United States’ FCC’s Sequence of View on Net Neutrality
Network neutrality, also known as net neutrality, is the concept that Internet service or network providers, like Verizon and Comcast, treat all content and applications on the Internet equally. This means providers should not prioritize certain data and slide them into “fast lanes”, or discriminate against some material (Finley, 2018). Fundamentally, net neutrality requires providers to allow users undifferentiated and equal access to any online materials of their choice. An example of discriminatory acts could be the providers intentionally slowing down Netflix, a media-service platform, just to influence the users to switch to another video-streaming service. Offering fast lanes could be providers like AT&T (owner of Time Warner) or Comcast (over of NBC Universal) being biased towards their own content. Supporters of net neutrality believe that not having net neutrality could stifle innovation in the Internet. Should broadband providers offer priority to certain services and platforms, the growth of new companies and technologies could be hindered. If internet providers blocked video streaming in the mid 2000s, Netflix or YouTube might not have grown to what they are today. Net neutrality also encourages economic growth and free speech of the Internet; the power of those large network providers enables them to manipulate the Internet and limit online speech to companies who can afford to pay for priority treatment.
The Federal Communications Commission (FCC), founded in 1934, is an independent agency of the United States government established by statute to regulate all interstate communications, like wire, radio, television, satellite and cable, and international communications involving the United States. In 2005, under George W. Bush presidency, the FCC attempted to create an even playing field on the Internet establish some anti-discrimination Internet laws in a policy statement. Under the new laws, service providers were restricted from limiting legal content or hindering customers’ connection of their devices to their internet. In 2008, under the same policy, the FCC prohibited Comcast from throttling and discrimination against the file-sharing software BitTorrent traffic, as it also provides legal uses, other than digital piracy. However, after being sued by Comcast, the FCC was deemed overstepped the bounds of its authority. Subsequently, under Obama’s presidential term in 2010, the FCC, aiming to withstand legal perusal, passed Open Internet Order. Regardless, the FCC was still successfully sued by Verizon in 2014, whereby the court, once again decided that the agency did not have enough jurisdictions, under Title II of the Communications Act to impose regulations, as Verizon was an “information service” not a “telecommunication service”. Basically, the Internet was classified as a utility. The FCC decided to extend authority to over broadband providers as Title II carriers. In 2015, the FCC then releases its new, all-inclusive proposal, and again, was sued. However, this time, the court ruled these regulations as legal and net neutrality took effect.
When Trump was elected U.S. president, Ajit Pai took over as the new commissioner of the FCC in 2017. He announced a plan to revoke the 2015 net neutrality order, so as to update FCC Internet regulations to “match the reality of the modern marketplace” (Colocation America, 2017). Moreover, he proposed that a reclassification of broadband back to information services and less, or slackened, guidelines enacted by Title II would spark innovations and improve infrastructure from the providers. The repeal went through when the FCC voted in favour of lax regulations. With the new laws in place, customers would likely have to pay more with the new pricing schemes, such as bundled packages. To access social media platforms, they would have to pay additional to providers for a premium social media bundle.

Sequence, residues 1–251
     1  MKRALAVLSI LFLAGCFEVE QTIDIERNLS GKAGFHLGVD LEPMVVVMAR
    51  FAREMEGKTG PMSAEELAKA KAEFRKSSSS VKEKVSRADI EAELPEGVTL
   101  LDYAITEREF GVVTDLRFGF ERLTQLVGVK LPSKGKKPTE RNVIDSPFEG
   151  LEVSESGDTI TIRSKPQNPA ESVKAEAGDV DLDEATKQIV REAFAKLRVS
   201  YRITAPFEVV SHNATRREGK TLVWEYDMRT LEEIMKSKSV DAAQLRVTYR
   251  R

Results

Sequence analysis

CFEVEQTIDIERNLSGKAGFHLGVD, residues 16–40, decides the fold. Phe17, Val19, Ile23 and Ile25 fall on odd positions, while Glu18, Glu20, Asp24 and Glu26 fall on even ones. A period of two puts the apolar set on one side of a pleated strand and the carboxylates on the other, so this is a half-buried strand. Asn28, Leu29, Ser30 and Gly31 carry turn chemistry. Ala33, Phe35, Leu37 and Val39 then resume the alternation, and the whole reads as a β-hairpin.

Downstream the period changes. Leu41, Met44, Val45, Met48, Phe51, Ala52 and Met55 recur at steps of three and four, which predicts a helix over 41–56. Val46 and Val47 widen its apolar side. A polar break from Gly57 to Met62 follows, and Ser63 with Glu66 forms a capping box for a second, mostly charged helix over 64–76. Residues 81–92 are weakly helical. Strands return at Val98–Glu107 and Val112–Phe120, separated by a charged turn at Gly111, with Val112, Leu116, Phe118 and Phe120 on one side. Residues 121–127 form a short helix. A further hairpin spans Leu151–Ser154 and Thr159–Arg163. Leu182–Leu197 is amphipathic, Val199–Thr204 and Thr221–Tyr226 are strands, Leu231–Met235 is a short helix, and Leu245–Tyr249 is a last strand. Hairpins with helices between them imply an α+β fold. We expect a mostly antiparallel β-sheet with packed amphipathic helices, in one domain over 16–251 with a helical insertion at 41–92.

It became the Federal Trade Commission (FTC)’s role to protect consumers, instead of the FCC. However, not only does FTC not have rulemaking authority, but also, unless the net neutrality violation breaches the fair-competition regulations, the FTC is powerless. In other words, offering “fast lanes” for companies who pay for this special treatment might not be flagged as a violation and the provider operates without regards for the net neutrality laws. On top of the reasons Ajit Pai backed the repeal with, it was speculated that the repeal might have gone through also because the large Internet providers paid Senators to vote in favour of the repeal.
Singapore’s Viewpoint on Net Neutrality
Since 2011, Singapore’s net neutrality position seems to have forged a compromise on both perspectives of the net neutrality discussion. The Info-communications Media Development Authority (IMDA) formalised a whitepaper outlining its net neutrality policy regulates the Internet laws in Singapore. Although the statutory board understands the advantages of not having net neutrality (that is, promoting network innovation and optimising the economy), they acknowledge that the policy-making should safeguard consumers’ interests and that they should be rendered enough protection.
While the IMDA encourages net neutrality, its implementation in Singapore is partial. Its current policy consists of a three-pronged approach. Firstly, the IMDA aims to foster a competitive Internet access market through the Telecom Competition Code (TCC). The TCC deters abuse of market power and anti-competitive practices. The next prong emphasises on transparency of information to the consumers. Internet service providers in Singapore are required to disclose to customers their network management behaviours and usual broadband download speeds (Christopher & Lee Ong, 2018). Moreover, to facilitate consumers’ selection of a broadband package, the IMBA provided a comprehensive Residential Broadband guide. The last prong prohibits Internet service providers from “blocking legitimate Internet content” or executing plans that cause materials to be unreachable or unusable. However, there is no official meaning of what it means for content to be “unusable”, and these providers are not prohibited from manipulating Internet traffic speed, as long as they still conform to the IMDA’s Quality of Service and information transparency regulations (IMDA, 2011). In addition, local Internet service providers and network operators are not banned from offering tailored and customised plans that meet the IMDA fair competition protocols. This has allowed telephone companies to liaise with over-the-top providers like Spotify to provide customers with niche, peripheral services without taking a toll on the user experience. Hence, the stance on net neutrality that Singapore has taken is evidently less prohibitive than the United States’ position, before the repeal, who bans any paid biases.